They say that when a person dies, there's a 24-hour period when their souls are still wandering. Of course, the great writer W.G. Sebald, who died Friday in a car crash in East Anglia, England, was always wandering. Wandering was his profession.
Mostly on foot, he went, through East Anglia, around Europe, thinking about war and architecture and beauty and permanence, or the lack of it. He used photographs in his four books, "The Emigrants," "Vertigo," "The Rings of Saturn" and "Austerlitz," as testimony, he said when we met in Los Angeles in October, to give credibility to his accounts of small lives and large coincidences.
"I cannot," he told me, "get over the fact that I was born in 1944. I want to find out as much as I can about that year." When Sebald says "everything," he means what people wore, when they took their daily walks, how they felt about the buildings they moved through, what would happen to them, what their associations were and how they unwound their destinies. For it seemed, in October, that he saw life as a process of unraveling, excavating, peering through rubble to find bodies and papers and plans.
"When I was a boy," he said, "I'd hide under the kitchen table and wind string around the chairs. I have a sense now that I am pulling on those threads. The more I pull, the more it comes unraveled."
In his work, Sebald, who was born in the Bavarian Alps and left Germany in 1970 to teach at the University of East Anglia in Norwich, England, seemed to be moving closer to home, as if he wanted to better understand his father and what he often referred to somewhat sarcastically as his "compatriots." He was just beginning to write in consecutive narrative, rather than the splintered narratives of his previous books.
"There is," says writer Susan Sontag--one of the first to champion Sebald--"no living writer I admire more. You see," she catches herself, "I haven't yet accepted that he's dead. He got an unusually late start writing. His editor sent me the manuscript of 'The Emigrants' [Sebald's first book to be published in English] with a note that said simply, 'You're really gonna love this.'"
Sebald played with the form of the novel in a way that most critics and readers found revolutionary, the way James Joyce with his free association in "Finnegan's Wake," or Thomas Pynchon with "Gravity's Rainbow" or Virginia Woolf with "The Waves" were revolutionary. Rather than using free association, though, Sebald connected word and image in a way that expanded the experience of reading, a mind-altering form accomplished with simple black and white photos that were, with the text, heartbreakingly evocative, as though they reached into a collective image bank that his readers shared.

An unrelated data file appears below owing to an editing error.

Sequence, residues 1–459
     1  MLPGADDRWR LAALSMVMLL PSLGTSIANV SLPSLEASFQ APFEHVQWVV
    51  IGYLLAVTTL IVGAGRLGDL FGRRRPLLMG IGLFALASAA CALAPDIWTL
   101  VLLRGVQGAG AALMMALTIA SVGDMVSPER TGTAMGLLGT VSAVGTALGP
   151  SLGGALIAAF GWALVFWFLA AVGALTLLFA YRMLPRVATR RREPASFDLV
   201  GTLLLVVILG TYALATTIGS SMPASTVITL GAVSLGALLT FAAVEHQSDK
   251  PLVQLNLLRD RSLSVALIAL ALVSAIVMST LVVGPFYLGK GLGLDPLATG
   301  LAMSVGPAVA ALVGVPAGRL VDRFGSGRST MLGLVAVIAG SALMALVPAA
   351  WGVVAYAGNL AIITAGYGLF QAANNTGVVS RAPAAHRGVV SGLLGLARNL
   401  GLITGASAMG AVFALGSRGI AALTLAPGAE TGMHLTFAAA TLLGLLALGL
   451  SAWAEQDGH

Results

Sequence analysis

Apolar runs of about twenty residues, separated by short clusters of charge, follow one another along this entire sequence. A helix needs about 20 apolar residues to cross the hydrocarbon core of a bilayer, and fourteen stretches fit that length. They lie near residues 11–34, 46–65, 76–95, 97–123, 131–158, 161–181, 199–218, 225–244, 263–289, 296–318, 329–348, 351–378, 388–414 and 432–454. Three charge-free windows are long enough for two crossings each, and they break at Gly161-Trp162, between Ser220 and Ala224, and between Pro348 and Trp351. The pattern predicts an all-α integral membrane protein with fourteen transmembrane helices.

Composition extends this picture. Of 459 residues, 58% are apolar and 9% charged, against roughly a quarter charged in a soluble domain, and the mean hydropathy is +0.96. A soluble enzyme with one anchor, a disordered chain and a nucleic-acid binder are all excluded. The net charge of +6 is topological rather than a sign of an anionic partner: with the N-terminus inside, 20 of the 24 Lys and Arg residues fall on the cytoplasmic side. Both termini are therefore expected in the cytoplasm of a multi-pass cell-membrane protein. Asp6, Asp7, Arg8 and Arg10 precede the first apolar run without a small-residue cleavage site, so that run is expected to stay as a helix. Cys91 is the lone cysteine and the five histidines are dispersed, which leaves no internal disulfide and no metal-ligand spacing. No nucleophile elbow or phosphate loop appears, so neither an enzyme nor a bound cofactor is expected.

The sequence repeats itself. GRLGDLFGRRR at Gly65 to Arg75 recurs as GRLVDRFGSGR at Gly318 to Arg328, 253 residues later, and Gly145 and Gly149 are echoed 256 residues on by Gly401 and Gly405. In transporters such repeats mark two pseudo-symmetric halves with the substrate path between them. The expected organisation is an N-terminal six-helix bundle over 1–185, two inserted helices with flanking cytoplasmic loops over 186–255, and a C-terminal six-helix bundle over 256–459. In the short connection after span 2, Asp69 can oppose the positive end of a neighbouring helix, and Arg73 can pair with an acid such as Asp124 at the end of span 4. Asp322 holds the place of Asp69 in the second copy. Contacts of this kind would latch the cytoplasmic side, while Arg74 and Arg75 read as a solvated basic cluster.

He didn't believe that things were good, back in October. He mentioned the web of consumption and work that we all get wound up in and want to escape. He made it sound as though the Earth were spinning a little out of control, as though we were children on a merry-go-round we could not get off. "We want to be released," he said, "from the miracles of civilization."
Sebald wrote in German, but, as Sontag says, he spoke "elegant English" and played a large role in the translation of his books. He was fond of his colleagues and teaching, he said, but he loved wandering more. He said that people trusted him and would often tell him their stories and show him their family pictures. He had had breakfast the day before our visit in Philadelphia with a couple from Westphalia, Germany, who brought him old family photos to look at. "The father was the prototypical German lawyer. There was a black dog. They had no idea what would happen to them." Sebald said the photos spoke to him, "I'm no longer here, but I still want an answer."
He was thinking about aggression in October, as we all were. He told me things were getting worse. "There is a beauty in nature and culture that we no longer have access to." He said, "Those things you can't forget, you embroider. ... The further you tell, the further you travel from truth, which means, of course, that literature is a lie."
"Austerlitz," the book that came out in English in October, was about a man Sebald met in a train station, who as a young Jewish boy was on one of the pre-WWII kindertransport trains taking children from Prague to Wales.
A lost boy.
Lost boys, they wander. In schoolyards, down main street, hailing taxi cabs in middle age that will take them to a train station, to another town, to make a connection, somewhere.